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I'd like to be able to allow the development team to install services on a Win2003 server. They can already connect via RDP/FTP with limited accounts but I'd like to be able to grant installation privileges.

How do I do that without granting admin rights?

(The services are created using the .NET framework so we're installing with C:\Windows\Microsoft.NET\Framework\v2.0.50727\installutil.exe)

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3 Answers 3

up vote 2 down vote accepted

Delegated permission to install services is going to be a little bit tough. There is a "SC_MANAGER_CREATE_SERVICE" right that can be granted to users on the service control manager (SCM) object in the global object manager.

In Windows versions up to Windows Server 2003, the rights could not be changed on the SCM. Starting in W2K3 SP1, you could change the rights on the SCM.

The API to change the security is SetServiceObjectSecurity, and more information is available here: http://msdn.microsoft.com/en-us/library/aa379589(VS.85).aspx

Some more reference re: the rights that can be granted to the SCM and the default DACL set on the SCM is available here: http://msdn.microsoft.com/en-us/library/ms685981(VS.85).aspx

In short, there's no way to do this w/o writing code. There's no magic registry setting, etc. If you can get somebody to write the code for you, though, it's totally feasible.

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Great, thanks. The server is SP2 and I can write the code so this may be the way forward. –  Robin M Jul 23 '09 at 18:15
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I think the bigger problem is letting the dev team access a server they don't administer. Rather than trying to grant the rights to the users (SC_MANAGER_CREATE_SERVICE) think really hard about giving them their own box- even just a VM to test on, once they say it's ready an actual admin should install the services into the production system.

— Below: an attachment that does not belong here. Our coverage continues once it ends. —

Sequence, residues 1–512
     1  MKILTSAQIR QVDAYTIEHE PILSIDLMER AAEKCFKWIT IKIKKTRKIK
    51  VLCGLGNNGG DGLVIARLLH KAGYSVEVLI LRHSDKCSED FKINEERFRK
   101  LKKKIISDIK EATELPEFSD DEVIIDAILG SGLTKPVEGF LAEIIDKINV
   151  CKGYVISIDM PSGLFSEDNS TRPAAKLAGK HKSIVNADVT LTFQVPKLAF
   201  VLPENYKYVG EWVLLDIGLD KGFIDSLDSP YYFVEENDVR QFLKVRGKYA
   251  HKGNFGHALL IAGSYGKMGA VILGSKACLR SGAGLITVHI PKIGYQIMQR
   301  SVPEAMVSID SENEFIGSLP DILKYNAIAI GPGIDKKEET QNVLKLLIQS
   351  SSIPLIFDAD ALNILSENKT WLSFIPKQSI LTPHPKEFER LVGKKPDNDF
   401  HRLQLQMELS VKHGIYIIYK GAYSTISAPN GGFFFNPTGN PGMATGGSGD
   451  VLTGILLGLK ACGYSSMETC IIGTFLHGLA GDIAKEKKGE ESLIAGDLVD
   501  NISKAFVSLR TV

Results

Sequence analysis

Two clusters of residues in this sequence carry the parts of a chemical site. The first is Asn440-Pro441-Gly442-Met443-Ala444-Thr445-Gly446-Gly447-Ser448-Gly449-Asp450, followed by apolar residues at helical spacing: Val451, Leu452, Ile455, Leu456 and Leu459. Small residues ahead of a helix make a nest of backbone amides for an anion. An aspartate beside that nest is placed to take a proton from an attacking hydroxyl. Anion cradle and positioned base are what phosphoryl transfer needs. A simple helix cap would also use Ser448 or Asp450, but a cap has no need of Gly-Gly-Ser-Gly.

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The services will be tested both on the dev's box and in VMs by the time they get to production. I'm confident enough in the dev team to grant them admin access but I'm going for least privilege. The actual admin is me but I'd like to delegate this function. –  Robin M Jul 23 '09 at 18:19
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http://support.microsoft.com/?kbid=288129 has some info on managing services, but I don't think this can be extended to include creating arbitrary services without some major security changes on your server.

If you create a service or services then grant access as described in the knowledge base, your developers can stop the service and copy in new binaries, so they can develop/debug services even if you have to create them in the first place.

Personally I restrict our developers to a test server and grant them administrator access. The little darlings don't get access to my live servers without first convincing me their stuff is working!

JR

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That's granting users rights to manage existing services, which is different than what the poster is looking for. The poster is looking for rights being granted on the service control manager object itself. It would be a bit of a "hack" to "pre-create" several services and have the users substitute in their binaries, but I suppose you could do that. –  Evan Anderson Jul 8 '09 at 15:02
    
Using "pre-created" services is all I could come up with. I have to say it seems a slightly odd question. If developers need to create services this sounds like a development environment. Would you let developers loose on your live servers? I think the best answer might be to give the developers their own server! –  John Rennie Jul 8 '09 at 15:06
    
I agree. There is a built-in mechanism for doing this, but it's really not something that I'd advise in practice. I'm one of those "Answer the question literally" kind of people, for the most part. I'd agree, though, that it's compromising the production server's integrity to let developers go wild on them creating services. That's a really major change to be allowing unprivileged accounts to perform. –  Evan Anderson Jul 8 '09 at 15:10
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